📚’Great characters, setting, and a social commentary on the Victorian era.’ @OlgaNM7 reviews #mystery Murder & Mischief by Carol Hedges @riotgrandma72

Today’s team review is from Olga.

Olga blogs here https://www.authortranslatorolga.com

Orange rose and Rosie's Book Review Team
Rosie’s Book Review Team

Olga has been reading Murder & Mischief by Carol Hedges.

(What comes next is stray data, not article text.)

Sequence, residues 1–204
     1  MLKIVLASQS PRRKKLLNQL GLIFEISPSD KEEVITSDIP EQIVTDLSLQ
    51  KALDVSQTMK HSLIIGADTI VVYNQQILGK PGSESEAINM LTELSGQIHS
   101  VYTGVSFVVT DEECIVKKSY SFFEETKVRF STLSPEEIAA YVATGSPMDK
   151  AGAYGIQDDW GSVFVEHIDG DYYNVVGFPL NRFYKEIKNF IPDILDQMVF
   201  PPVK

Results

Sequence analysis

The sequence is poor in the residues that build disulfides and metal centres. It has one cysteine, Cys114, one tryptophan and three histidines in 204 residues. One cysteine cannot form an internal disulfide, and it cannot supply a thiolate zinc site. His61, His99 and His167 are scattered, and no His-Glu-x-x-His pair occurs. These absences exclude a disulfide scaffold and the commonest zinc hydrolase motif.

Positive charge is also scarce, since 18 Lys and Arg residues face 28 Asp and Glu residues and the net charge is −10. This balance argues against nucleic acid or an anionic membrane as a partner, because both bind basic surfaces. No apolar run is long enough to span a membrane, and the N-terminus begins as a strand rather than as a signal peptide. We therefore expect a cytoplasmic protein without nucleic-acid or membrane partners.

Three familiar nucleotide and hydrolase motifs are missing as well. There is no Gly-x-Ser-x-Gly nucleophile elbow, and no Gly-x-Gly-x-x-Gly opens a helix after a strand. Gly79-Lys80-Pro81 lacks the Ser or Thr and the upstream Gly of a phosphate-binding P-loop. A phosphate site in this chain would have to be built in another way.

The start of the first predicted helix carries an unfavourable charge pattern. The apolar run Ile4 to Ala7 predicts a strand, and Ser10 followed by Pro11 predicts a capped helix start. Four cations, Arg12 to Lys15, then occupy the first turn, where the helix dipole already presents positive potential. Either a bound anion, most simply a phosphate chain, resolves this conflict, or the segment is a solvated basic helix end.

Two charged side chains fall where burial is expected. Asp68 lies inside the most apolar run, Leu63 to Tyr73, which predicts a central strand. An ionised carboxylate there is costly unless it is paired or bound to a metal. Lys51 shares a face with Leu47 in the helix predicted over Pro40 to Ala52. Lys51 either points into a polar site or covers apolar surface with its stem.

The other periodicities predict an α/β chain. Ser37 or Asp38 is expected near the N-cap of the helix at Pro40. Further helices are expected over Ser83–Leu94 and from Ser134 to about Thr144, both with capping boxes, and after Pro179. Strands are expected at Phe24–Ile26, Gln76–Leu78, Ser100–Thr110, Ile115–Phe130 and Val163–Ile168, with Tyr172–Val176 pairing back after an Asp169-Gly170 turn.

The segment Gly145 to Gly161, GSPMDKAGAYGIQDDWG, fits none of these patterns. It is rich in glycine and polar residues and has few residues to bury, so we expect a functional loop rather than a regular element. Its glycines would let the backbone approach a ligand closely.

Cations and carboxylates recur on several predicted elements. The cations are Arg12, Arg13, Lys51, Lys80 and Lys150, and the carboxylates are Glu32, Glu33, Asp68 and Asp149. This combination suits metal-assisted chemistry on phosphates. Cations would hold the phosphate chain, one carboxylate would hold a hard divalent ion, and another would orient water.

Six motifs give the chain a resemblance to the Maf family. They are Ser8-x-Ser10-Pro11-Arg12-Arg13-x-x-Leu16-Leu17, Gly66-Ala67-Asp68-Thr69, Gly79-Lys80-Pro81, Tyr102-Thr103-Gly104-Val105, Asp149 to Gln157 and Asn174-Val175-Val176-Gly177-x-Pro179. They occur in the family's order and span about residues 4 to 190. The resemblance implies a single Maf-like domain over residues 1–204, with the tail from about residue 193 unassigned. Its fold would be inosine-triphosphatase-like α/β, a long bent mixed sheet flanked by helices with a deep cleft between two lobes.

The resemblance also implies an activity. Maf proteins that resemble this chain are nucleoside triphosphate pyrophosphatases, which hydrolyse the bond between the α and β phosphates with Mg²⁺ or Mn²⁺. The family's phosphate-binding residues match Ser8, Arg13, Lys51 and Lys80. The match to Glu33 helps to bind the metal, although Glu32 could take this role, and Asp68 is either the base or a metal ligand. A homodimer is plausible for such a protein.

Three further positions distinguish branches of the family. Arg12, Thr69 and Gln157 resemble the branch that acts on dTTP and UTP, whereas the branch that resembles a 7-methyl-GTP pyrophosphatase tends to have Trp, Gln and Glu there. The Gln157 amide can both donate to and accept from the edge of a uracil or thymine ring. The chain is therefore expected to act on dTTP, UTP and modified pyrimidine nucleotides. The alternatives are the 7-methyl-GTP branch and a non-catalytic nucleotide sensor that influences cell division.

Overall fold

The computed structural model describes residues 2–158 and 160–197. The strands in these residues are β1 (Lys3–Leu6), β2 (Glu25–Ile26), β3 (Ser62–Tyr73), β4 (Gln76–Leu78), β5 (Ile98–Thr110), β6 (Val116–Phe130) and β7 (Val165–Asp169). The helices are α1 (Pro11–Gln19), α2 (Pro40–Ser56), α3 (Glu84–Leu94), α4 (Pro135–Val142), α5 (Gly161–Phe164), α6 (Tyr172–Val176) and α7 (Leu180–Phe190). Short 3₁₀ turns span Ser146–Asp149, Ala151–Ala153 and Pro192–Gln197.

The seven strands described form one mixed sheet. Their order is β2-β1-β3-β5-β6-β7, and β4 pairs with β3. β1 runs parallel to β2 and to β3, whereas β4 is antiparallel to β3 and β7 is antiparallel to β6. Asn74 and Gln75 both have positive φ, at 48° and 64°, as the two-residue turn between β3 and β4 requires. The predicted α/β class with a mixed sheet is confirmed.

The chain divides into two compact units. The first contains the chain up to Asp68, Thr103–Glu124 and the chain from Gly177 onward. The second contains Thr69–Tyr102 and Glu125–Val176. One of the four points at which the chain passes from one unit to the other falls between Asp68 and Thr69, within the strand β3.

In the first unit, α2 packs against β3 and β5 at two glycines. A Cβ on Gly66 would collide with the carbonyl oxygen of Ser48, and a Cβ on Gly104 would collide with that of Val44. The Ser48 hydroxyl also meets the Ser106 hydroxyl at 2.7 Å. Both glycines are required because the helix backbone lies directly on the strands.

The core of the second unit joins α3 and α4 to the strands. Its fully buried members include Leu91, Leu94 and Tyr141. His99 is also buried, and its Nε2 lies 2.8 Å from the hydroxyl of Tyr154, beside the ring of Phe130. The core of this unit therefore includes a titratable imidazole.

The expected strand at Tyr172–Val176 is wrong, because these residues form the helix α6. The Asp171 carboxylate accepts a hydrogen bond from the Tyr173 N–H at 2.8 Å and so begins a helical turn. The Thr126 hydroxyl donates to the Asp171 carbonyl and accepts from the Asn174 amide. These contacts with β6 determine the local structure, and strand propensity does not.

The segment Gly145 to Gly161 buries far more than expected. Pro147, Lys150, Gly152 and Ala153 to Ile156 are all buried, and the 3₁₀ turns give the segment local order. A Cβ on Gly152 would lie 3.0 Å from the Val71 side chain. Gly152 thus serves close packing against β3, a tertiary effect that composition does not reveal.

I have known about Carol Hedges and her books for a long time; I have read many reviews of the novels of the Victorian Detectives series, and I always thought that I would find the time to read them all in order at some point. When I realised that she had published novel number 10, I decided I’d better try to join its readers now, as that would give me a chance to comment on its suitability as a stand-alone novel. And, in case any people who haven’t read any of the previous novels in the series are debating if they will enjoy it without any background information, they can rest assured. This novel, on its own, is a great read. There are passing references to previous events (especially when referring to the background of some of the main characters and old cases), but the author only touches on them, offering enough information to help readers understand some of the interactions between the characters, but never taking the focus away from the actual story. That also means that readers who decide to go back and read some of the other novels after reading this one won’t feel as if they had been cheated because they had been told the whole story already. It is a win/win, and not an easy feat to achieve in a series, even in the mystery genre when the cases are meant to be unrelated.